Sensation and Perception
The content in this chapter should be relevant to about 6% of all questions about the behavioral sciences on the MCAT.
This chapter covers material from the following AAMC content category:
6A: Sensing the environment
It’s your first time visiting a country in Europe. You can’t wait to see the glorious, ornate architecture, sample the local cuisine, and listen to the traditional music. You want to take in the sights and sounds of this culture—you want to have a sensory experience. To truly experience any location, your sensory receptors—for vision, hearing, taste, smell, and somatosensation—gather all of the information from the world around you, and your brain filters and processes that information to focus on the most salient details. This activity involves a complex interplay between sensory processes, neural tracts, and the brain itself.
You finally land in your European destination and begin to explore. You turn the corner on one street and are suddenly overwhelmed with an odd feeling of familiarity. But . . . I’ve never been here before! you think as the strange sensation of déjà vu sets in. Everything just seems “right”: the signs are in the proper place, the cars look familiar, and everything is bizarrely where you expect it to be. Déjà vu (French for “already seen”) comes from many sources, including processing information faster than expected. When you process an image (or other sensory input) for the first time, it actually takes longer than the next time you are exposed to that same stimulus. Thus, an exposure to the same scenery at an earlier time through a movie or television show may have primed you for déjà vu.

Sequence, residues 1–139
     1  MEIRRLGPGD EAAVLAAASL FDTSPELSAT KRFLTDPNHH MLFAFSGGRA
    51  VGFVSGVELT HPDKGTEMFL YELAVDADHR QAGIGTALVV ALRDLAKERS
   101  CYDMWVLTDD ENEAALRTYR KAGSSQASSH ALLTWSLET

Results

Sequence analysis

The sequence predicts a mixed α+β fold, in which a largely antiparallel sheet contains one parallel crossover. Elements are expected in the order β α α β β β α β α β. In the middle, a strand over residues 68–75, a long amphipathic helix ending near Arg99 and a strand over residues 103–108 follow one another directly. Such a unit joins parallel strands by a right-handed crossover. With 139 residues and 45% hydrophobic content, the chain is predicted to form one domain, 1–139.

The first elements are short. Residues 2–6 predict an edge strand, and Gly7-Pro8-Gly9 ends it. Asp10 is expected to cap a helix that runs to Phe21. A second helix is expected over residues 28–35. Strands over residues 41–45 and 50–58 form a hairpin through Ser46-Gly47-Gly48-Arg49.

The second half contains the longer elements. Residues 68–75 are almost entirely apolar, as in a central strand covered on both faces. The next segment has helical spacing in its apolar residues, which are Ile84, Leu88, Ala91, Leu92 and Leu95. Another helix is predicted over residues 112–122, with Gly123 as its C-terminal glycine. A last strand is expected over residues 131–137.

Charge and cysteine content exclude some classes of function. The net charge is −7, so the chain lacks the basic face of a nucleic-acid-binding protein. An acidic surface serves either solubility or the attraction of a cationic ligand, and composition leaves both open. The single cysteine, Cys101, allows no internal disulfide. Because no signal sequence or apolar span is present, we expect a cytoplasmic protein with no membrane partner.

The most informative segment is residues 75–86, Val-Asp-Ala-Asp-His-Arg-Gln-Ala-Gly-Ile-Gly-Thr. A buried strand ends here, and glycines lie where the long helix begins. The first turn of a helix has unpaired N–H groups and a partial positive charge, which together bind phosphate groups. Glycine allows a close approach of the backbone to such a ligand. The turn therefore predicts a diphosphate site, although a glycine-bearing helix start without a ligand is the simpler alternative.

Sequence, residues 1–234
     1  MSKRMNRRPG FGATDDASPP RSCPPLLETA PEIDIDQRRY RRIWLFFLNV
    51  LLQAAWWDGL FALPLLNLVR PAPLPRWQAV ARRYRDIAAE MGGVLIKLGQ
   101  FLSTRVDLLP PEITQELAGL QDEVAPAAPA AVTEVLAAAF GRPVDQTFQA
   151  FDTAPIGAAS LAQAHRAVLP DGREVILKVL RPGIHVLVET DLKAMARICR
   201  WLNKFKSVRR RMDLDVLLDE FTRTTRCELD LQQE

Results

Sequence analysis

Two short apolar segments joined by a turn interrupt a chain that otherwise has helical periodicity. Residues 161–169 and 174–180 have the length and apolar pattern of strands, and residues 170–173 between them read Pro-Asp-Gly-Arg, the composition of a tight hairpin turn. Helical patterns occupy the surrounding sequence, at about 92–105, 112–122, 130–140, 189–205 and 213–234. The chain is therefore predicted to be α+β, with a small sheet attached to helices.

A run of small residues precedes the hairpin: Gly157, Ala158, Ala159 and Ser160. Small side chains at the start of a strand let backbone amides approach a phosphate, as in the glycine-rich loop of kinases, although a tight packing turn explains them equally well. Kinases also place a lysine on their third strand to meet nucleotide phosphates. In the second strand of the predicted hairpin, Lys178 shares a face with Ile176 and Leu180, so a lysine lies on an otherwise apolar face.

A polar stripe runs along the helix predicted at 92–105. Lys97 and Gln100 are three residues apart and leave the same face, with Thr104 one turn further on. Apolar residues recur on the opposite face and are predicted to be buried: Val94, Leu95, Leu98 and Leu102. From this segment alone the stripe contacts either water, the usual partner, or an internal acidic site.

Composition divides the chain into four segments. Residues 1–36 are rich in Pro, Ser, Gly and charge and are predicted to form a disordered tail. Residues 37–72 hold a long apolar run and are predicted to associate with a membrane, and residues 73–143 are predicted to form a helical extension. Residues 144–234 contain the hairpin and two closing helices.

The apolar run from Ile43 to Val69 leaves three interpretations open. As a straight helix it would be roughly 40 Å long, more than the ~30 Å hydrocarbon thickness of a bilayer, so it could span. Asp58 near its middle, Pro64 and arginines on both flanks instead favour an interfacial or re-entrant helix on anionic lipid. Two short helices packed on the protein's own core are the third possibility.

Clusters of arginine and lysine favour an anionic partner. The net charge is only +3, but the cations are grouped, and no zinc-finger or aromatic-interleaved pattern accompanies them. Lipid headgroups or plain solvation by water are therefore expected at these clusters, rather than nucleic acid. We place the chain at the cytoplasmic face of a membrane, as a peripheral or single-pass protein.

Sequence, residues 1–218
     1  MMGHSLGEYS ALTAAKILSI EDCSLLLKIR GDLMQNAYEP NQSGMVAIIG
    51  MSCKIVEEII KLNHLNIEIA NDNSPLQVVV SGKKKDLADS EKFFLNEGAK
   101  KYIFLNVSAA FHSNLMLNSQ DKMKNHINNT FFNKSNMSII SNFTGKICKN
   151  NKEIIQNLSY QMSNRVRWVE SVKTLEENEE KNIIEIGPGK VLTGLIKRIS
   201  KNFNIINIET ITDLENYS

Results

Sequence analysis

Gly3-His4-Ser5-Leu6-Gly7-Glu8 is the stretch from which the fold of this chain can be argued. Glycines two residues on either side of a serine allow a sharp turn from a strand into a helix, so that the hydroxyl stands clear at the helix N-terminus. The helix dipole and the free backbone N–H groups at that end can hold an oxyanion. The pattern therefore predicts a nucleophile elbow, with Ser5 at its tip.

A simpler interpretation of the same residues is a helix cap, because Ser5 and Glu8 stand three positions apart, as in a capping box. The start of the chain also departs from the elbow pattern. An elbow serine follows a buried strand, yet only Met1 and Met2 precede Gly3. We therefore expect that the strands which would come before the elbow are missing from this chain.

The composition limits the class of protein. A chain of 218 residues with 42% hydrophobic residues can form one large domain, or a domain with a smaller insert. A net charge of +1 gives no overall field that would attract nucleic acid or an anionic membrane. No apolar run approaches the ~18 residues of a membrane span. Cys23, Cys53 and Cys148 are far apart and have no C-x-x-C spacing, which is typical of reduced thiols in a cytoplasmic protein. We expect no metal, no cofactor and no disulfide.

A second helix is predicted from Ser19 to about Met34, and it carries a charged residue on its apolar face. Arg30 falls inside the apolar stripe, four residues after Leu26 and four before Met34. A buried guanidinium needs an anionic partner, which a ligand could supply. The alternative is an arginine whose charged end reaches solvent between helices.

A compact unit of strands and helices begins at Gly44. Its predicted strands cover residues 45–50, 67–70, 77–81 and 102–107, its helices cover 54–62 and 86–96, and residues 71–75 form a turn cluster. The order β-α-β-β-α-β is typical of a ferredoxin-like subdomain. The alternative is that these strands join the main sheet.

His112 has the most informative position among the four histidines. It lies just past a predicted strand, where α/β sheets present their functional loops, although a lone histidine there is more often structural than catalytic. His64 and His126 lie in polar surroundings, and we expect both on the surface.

But we don’t feel déjà vu every time we see an image again; that’s where memory comes in—a topic we’ll discuss in Chapter 3 of MCAT Behavioral Sciences Review. Indeed, this phenomenon of déjà vu comes from the brain’s sensory receptors saying, Yes, you have seen this before! in tandem with the memory system saying, But I don’t know when or where!
In this chapter, we will focus on the concept of sensation and its associated receptors, including the eyes and hair cells in the ear, as well as perception and the complex brain functions associated with processing sensory information. We’ll briefly touch on the other sensory modalities, including vestibular sense, taste, smell, somatosensation, and kinesthetic sense, and consider the roles these senses play in helping us interact with the world.